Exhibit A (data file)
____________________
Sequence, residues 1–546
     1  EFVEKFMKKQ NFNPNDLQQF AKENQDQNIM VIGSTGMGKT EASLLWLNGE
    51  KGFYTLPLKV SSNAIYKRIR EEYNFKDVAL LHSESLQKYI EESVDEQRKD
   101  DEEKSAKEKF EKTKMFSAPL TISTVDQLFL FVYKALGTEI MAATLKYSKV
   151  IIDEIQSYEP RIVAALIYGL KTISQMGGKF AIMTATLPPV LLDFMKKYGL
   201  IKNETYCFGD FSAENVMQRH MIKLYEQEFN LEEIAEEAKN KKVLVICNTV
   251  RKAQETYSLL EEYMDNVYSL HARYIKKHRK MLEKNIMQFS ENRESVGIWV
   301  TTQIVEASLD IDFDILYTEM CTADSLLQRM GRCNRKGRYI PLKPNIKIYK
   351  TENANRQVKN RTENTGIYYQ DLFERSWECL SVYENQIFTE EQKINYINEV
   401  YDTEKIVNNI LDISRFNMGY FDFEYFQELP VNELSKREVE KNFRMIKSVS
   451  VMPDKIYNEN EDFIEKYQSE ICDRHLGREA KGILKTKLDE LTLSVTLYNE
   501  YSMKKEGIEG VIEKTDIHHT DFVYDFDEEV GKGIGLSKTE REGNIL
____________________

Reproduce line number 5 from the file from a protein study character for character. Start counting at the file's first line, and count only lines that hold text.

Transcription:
   151  IIDEIQSYEP RIVAALIYGL KTISQMGGKF AIMTATLPPV LLDFMKKYGL